Much of the setting evokes Francis Ford Coppola's Apocalypse Now. Clouds of mist and fog often shroud the landscape. Cinematographer Rodrigo Prieto in a rare rural Taiwan shoot, sprawls across the landscape in long, pensive takes. Each shot is elegant, even when many scenes are absolutely brutal. The editor refrains, making as few cuts as he possibly can, likely to help the audience immerse themselves in this seventeenth century Japan.

Few modern films are as poetic and meaningful as Silence. Few evoke themes of past masters, such as Akira Kurosawa and Robert Bresson. Scorsese's religious film is a treat that will captivate all who seek it, even those with no religion. It's a damn fine picture that ought to be considered a classic in a few decades. 


Review #960: Frankenstein (1910)

Title: Frankenstein
Year: 1910
Director: J. Searle Dawley
Country: US
Language: N/A


A sad note about these early silent adaptations of masterful novels is that they are almost always overshadowed by a far greater picture several decades later. Wizard of Oz was adapted twice before Judy Garland's memorable masterpiece, The Ten Commandments would become a Charles Heston epic in the 50's and Nosferatu would be reworked as Dracula for Universal in 1931. This Frankenstein was also a victim of superior adaptation. 

Frankenstein, a young student, is seen bidding his sweetheart and father goodbye, as he is leaving home to enter a college in order to study the sciences. Shortly after his arrival at college he becomes absorbed in the mysteries of life and death to the extent of forgetting practically everything else. His great ambition is to create a human being, and finally one night his dream is realized. 

Directed by J. Searle Dawley, this was the first adaptation of Mary Shelley's classic. Dawley shot the film in just three days at the Edison studios. The original Frankenstein film has no castle, lightning storm or shrieks of ‘It’s alive!”. No stitches, green skin, or bolts in the neck. Its Monster is a lumpen hulk, wild haired and sneering; conjured in a cauldron of boiling chemicals. It's a short film that bears all the limitations of that era, yet appears to be more than mere novelty. 

The monster might not literally exist, as the movie tells us Instead of a perfect human being, the evil in Frankenstein’s mind creates a monster. It speaks plainly of the catastrophes that result from bad intentions, as the scientist is a rich and arrogant prick. Both the book and the 1931 version speak plainly that the character is separate from the scientist, but this picture has a remarkable dose of subtlety.

For many years it was believed to be a lost film. In the 1960's it was discovered and made available for home video release. This version of Frankenstein emphasizes less on "horror" and more on the psyche, and should be commended for having such forethought.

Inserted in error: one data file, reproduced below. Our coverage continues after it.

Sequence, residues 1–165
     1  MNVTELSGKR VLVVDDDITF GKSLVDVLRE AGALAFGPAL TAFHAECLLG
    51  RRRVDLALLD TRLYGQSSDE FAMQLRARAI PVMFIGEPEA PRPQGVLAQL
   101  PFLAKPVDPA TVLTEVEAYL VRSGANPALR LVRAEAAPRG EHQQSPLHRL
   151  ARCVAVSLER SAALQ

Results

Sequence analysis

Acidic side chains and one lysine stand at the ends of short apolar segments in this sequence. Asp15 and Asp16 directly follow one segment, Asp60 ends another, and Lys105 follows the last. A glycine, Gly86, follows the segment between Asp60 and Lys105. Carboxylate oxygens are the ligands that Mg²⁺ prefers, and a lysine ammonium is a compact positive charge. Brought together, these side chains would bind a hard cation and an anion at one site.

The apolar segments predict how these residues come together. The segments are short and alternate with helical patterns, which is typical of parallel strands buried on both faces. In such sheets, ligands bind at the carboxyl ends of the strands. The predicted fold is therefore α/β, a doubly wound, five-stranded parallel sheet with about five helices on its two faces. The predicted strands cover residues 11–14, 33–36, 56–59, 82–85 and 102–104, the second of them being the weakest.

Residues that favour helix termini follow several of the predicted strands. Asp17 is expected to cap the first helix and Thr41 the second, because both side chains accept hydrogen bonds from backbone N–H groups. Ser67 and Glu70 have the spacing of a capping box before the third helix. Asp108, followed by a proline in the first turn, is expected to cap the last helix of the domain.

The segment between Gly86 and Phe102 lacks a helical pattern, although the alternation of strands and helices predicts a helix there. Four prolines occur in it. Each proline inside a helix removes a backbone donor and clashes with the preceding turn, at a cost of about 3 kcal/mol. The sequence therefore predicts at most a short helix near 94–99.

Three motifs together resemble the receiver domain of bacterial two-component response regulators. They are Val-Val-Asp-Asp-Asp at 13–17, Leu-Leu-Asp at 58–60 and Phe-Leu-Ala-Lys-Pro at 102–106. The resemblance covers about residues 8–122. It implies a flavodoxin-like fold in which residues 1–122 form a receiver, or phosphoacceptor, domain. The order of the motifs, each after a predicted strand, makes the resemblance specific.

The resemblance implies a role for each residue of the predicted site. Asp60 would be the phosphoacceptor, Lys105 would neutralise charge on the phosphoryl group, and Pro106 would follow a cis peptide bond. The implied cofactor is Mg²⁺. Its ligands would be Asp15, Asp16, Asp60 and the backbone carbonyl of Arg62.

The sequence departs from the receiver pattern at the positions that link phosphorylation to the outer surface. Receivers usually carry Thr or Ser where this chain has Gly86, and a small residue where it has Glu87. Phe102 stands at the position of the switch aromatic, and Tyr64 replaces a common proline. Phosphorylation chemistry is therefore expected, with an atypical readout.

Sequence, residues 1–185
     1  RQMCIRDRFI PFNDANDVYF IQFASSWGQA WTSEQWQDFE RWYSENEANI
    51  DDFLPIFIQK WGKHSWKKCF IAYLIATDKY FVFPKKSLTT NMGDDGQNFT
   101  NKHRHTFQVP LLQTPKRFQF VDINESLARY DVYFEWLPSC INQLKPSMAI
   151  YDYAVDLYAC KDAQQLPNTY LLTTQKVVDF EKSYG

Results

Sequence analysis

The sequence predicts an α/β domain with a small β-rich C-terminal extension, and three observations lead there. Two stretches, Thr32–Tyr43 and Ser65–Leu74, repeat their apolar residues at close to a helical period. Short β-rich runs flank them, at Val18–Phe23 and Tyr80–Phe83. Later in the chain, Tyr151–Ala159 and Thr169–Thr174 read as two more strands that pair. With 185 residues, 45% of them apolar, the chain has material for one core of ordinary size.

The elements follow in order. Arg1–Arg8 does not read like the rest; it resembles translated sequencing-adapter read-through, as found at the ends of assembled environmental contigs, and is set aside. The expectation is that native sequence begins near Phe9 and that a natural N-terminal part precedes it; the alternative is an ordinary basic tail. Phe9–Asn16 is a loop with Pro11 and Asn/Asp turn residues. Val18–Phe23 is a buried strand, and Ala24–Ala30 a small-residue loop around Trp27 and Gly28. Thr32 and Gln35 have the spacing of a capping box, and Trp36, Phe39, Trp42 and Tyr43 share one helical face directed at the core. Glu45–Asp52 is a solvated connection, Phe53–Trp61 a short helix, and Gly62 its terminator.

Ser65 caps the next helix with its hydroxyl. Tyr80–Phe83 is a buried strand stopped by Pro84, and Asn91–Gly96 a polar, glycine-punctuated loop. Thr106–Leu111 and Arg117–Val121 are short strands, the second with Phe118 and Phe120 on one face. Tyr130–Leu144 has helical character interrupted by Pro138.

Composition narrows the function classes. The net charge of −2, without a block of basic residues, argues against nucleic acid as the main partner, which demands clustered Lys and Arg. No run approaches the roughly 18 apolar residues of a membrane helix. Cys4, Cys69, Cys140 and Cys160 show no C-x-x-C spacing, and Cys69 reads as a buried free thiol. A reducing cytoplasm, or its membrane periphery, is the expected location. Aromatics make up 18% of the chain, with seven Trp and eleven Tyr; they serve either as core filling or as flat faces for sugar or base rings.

Review #959: The Epic of Everest (1924)

Title: The Epic of Everest
Year: 1924
Director: J.B.L Noel
Country: UK
Language: N/A


Mount Everest is the world's tallest mountain reaching a peak of 29,000 ft above sea level. It is in the Mahalangur Range, running across the border between China and Nepal. Due to its sheer enormity in size, every year climbers attempt to reach the top of the mountain.  As a result there are over 200 corpses scattered about, some of which serve as landmarks. What kind of person would dare climb it? Well, what kind of man would dare FILM the journey (in 1924 no less)  as well?

This is the official record of Mallory and Irvine's 1924 expedition. When George Mallory and Sandy Irvine attempted to reach the summit of Everest in 1924 they came closer than any previous attempt.

Attempting to detail a mountain ascent is no easy feat even in 2016, doing it with the primitive cameras and equipment of the late silent era must have been a near impossible accomplishment. through a tremendous mixture of planning and will, endurance and scientific experimentation, they produced the footage that would become this film. Director J.B.L. Noel  was told many times that he was an absolute fool to try, but he went forward anyways. 

Bulky cameras were hauled up sheets of ice, in thinning air, used to photograph one vista after the next. It is largely a collection of long- and medium-shots of the mountain itself as the men actually hiking the difficult terrain are often seen as small black dots. Shots seem to last forever, as we observe the ant-like procession of climbers, who's progress is perfectly captured to the point of tedium. Much more editing would have been greatly appreciated, but I suppose the point of the film was to capture the climb in its entirety. 

 It's a bit difficult to fairly review this picture. The very fact that the film was made at all shows how brave the Director and his crew were, they should be commended for even getting 10 minutes of footage let alone a run-time of 1hr 27 min! It is a beautiful, mesmerizing doc that deserves to be preserved throughout the rest of time.